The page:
I don't see anything wrong with this sentence. I agree with mgarizona that "ways in which" could be used, but I see no problem with sticking with "ways". "Discourses" in this context makes sense to me because there are many factions in French politics and they do not all agree when it comes to immigration. Islam and immigration are closely linked together since many French immigrants come from Islamic countries, so I would assume the sentence is referring to differing opinions about the Islamic presence and mosque establishments of French immigrants. Maybe the article looks at the issue holistically, which would include different discourses (should immigrants be allowed citizenship, should there be regulation of mosque establishments, etc). Also, over time the public discourse could have changed so that when the issue is revisited there would be two separate discourses. If in fact the article only presents one public argument then "discourse" should be used.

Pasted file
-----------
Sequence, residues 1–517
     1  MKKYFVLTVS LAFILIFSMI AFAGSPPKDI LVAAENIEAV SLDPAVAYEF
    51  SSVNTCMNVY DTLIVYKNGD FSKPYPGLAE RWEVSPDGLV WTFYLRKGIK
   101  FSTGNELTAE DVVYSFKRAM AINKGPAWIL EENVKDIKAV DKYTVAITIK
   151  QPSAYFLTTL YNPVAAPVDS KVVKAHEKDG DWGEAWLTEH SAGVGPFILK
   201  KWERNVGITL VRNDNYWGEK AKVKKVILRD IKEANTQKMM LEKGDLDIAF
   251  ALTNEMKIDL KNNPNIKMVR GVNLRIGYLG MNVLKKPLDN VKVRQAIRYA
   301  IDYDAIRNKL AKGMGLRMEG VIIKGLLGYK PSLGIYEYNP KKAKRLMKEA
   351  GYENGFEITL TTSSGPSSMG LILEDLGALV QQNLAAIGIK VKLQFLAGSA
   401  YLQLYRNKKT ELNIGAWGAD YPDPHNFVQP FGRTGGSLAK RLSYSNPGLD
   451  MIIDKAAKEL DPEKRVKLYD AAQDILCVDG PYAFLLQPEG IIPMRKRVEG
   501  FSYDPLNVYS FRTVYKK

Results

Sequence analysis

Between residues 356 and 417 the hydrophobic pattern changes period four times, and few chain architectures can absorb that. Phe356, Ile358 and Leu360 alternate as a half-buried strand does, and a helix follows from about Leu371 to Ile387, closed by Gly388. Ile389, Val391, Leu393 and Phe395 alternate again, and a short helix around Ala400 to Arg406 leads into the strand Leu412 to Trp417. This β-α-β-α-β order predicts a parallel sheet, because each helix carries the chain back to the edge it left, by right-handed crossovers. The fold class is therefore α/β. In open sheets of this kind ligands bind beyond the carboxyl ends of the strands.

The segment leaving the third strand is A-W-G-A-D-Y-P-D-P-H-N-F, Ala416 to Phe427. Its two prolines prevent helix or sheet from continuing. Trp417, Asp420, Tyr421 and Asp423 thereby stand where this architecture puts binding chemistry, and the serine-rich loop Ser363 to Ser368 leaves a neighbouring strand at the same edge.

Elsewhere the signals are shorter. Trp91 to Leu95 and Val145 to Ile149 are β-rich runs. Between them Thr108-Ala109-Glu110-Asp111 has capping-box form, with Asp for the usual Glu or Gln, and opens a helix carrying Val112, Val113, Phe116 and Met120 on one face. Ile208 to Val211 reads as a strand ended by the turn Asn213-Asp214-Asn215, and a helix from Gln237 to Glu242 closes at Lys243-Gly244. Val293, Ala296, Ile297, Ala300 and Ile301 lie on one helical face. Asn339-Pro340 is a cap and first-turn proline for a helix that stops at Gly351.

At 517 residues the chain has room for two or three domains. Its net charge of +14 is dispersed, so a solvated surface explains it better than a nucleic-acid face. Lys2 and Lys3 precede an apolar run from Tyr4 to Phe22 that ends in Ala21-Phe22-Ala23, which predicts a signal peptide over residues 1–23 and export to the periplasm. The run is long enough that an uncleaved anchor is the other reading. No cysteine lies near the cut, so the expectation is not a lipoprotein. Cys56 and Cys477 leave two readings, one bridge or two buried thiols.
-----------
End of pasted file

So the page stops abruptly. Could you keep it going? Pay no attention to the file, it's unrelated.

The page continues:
I agree with those who suggested discourse in the singular. It is used like the word conversation. Both words are acceptable in the plural, but sound better in the singular when used in a broad context, when you are not referring to a certain list of speeches or discussions but rather to the sense of what people say in general.
The use of "ways" is correct. The sentence is referring to more than one way Islam operates. It is not speaking of that way in a general combined frame. It is speaking in an inclusive frame of both of them. Therefore it needs the plurality.